# If $V \times W$ with the product norm is complete, must $V$ and $W$ be complete?

Let $V,W$ be two normed vector spaces (over a field $K$). Then their product $V \times W$ with the norm $\|(x,y)\| = \|x\|_V + \|y\|_W$ is a normed space.

Using this norm it's easy to show that if $V,W$ are complete then so is $V \times W$. To see this, let the limit of the sequence $(x_n , y_n)$ be $(x,y) = (\lim x_n, \lim y_n)$. Then for $n$ large enough, both $\|x - x_n\|_V$ and $\|y - y_n\|_W$ are less than $\varepsilon / 2$ and hence $\|(x,y) - (x_n, y_n)\|< \varepsilon$.

The other direction does (probably) not hold. Can someone show me an example of a space $V \times W$ that is complete but either $V$ or $W$ (or both) are not?

• The vector space structure is completely irrelevant here. If $(X,d_X)$ and $(Y,d_Y)$ are non-empty metric spaces, you can equip their product with the metric $d_{X \times Y}((x,y),(x',y')) = d_X(x,x') + d_Y(y,y')$ and exactly the same argument as Davide's shows that $X \times Y$ is complete if and only if $X$ and $Y$ are complete.
– t.b.
Jul 10 '12 at 16:09
• @t.b. Thanks for pointing that out! Jul 10 '12 at 16:33
• @t.b. I had this very fundamental and very stupid confusion about keeping topological and linear properties apart. I'm not saying I'm cured but I finally get that if I have two normed linear spaces $X,Y$ I can define any $\ell^p$ norm on them and it will induce the same topology as the product topology (I showed that just now for $p=1$). I was confusing linear with topological properties because on finite dimensional spaces I know that all norms are equivalent. But the other way doesn't work in general. But in the case of a finite product and an $\ell^p$ norm it does. Aug 16 '12 at 9:11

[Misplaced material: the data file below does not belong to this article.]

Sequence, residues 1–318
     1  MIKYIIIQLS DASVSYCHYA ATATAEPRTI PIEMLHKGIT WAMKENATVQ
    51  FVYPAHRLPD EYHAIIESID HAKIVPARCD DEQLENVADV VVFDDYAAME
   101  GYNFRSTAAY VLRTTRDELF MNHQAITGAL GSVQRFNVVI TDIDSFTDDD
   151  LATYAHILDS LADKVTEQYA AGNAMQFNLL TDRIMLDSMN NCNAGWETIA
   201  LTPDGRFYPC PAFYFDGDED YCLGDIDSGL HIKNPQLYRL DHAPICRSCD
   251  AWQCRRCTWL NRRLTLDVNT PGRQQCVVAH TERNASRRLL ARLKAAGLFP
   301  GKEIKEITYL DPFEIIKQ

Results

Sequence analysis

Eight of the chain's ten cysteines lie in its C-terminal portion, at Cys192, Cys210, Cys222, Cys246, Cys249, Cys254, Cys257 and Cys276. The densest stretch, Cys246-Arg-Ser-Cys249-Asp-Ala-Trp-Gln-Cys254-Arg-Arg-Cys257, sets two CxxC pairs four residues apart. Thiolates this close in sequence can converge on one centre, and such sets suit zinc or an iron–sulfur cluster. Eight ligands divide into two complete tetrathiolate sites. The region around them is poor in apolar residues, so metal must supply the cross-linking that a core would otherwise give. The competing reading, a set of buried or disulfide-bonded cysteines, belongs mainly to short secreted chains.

• Sorry: I don't understand what you're trying to say in your last two sentences. Is there a question?
– t.b.
Aug 16 '12 at 10:41
• Just use that if you have $n$ factors then $\max_i\{\lVert x_i \rVert_{X_i}\} \leq \sum_{i} \lVert x_i \rVert_{X_i} \leq n \cdot \max_i\{\lVert x_i \rVert_{X_i}\}$ and the maximum gives the product topology. If you have infinitely many factors matters are different.
– t.b.
Aug 16 '12 at 10:58

If $V$ is not complete and $V\times W$ complete, take $\{v_n\}$ a Cauchy sequence which doesn't converge in $V$. Then $(v_n,0)$ is a Cauchy sequence in $V\times W$ and converges to $(v,w)\in V\times W$. We have $$\lVert (v_n,0)-(v,w)\rVert_{V\times W}=\lVert v_n-v\rVert+\lVert w\rVert\to 0$$ hence $v_n\to v$ in $V$, a contradiction.

Hence $V\times W$ is complete if and only if so are $V$ and $W$.

• I hope you don't mind but I will accept the other answer because both are equally deserving but you have two more votes and I'd like both of you to get more or less the same amount of points. Jul 10 '12 at 16:31
• No problem!{}{} Jul 10 '12 at 18:13
• Actually, does $w$ not have to be $0$? Or else, the argument stays the same if we replace $0$ with $w_n$, I think. Jul 10 '12 at 19:23
• It's necessarily $0$ because $\lVert w\rVert\leq \lVert v_n-v\rVert+\lVert w\rVert$ for all integer $n$ and the RHS converges to $0$. Jul 10 '12 at 20:28

I believe that the spaces $V$ and $W$ must be complete whenever $V\times W$ is complete.

Closed subspace of a complete normed space is complete.

The space $V$ is isometrically isomorphic to the closed subspace $V\times\{0\}$ of $V\times W$.